Wave victim's work inspired so many

I was shocked to see my old colleague Barry Lloyd-Jones listed among the dead in the tsunami disaster.

I
knew Barry in 1979 and 1980 when we worked together on the launch of
the Sunday Standard – sister paper to the East African Daily Standard –
in Nairobi. He was a 24-hour-a-day journalist who inspired everyone
around him.

He threw himself into life in Kenya, touring the country with his wife Kath while turning it into his own news patch.

The murder of Joy “Born Free”

Adamson was one of his exclusives.

The
official story was that she had been killed by a leopard but Barry
discovered the wounds had been made by a knife and her car had been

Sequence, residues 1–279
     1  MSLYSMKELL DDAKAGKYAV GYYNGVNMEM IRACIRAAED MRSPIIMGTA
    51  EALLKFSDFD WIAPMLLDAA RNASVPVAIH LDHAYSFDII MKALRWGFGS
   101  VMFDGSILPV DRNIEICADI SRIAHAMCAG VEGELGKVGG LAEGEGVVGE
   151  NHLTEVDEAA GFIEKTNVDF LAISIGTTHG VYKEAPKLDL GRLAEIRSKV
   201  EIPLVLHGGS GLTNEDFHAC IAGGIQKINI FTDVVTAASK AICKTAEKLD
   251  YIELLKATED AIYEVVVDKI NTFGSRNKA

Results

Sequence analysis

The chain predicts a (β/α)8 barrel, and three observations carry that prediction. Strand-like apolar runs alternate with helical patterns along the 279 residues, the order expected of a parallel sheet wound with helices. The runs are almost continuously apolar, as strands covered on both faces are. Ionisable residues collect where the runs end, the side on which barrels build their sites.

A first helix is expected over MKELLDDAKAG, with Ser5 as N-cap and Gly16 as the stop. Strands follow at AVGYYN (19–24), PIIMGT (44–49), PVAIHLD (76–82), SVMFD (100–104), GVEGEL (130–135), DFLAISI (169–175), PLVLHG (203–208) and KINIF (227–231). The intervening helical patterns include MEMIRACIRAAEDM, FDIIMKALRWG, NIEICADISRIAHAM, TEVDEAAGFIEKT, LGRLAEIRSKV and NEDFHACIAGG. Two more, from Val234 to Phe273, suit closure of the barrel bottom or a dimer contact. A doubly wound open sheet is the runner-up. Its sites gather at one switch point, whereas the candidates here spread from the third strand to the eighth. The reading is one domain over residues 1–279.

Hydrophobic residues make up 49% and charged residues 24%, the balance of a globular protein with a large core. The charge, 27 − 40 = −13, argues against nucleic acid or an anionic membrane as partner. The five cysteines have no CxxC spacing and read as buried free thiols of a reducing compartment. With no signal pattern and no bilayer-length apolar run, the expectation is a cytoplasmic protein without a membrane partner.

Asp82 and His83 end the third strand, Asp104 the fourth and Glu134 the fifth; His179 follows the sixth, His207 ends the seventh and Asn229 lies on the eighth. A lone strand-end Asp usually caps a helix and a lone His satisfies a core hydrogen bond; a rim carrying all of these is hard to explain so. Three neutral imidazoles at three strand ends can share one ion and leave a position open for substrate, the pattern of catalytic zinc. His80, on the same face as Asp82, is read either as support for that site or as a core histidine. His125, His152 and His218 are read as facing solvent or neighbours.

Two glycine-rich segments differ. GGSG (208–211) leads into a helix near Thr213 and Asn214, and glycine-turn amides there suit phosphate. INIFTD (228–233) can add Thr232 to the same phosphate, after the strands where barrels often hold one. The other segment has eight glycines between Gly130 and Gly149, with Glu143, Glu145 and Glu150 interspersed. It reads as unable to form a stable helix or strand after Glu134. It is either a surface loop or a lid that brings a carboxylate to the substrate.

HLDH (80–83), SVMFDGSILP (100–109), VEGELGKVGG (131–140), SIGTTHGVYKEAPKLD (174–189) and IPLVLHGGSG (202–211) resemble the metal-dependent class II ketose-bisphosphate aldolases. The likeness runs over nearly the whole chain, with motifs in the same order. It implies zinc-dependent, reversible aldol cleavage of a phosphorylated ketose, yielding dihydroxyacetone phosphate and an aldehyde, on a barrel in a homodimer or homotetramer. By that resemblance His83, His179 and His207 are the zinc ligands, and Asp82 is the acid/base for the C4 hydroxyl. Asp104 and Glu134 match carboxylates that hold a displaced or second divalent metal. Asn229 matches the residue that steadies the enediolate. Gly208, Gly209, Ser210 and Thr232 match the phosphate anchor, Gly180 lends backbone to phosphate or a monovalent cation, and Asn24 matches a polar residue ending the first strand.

stolen.

“Leopards don’t tend to kill you with a knife and nick your car,” he said.

I
see from your piece last week that he had been devoting himself to
media training in recent years. Lucky trainees. He had such a lot to
teach about this job, especially attitude.

I was editing The Sun on Boxing Day when the story broke.

Immediately
we knew two members of our staff were caught up in it – Deidre Sanders
and reporter Jamie Pyatt – and it was obvious it was going to touch
thousands of British lives.

I can’t help but feel it is somehow fitting that Barry should meet his end in one of the biggest-ever news stories.

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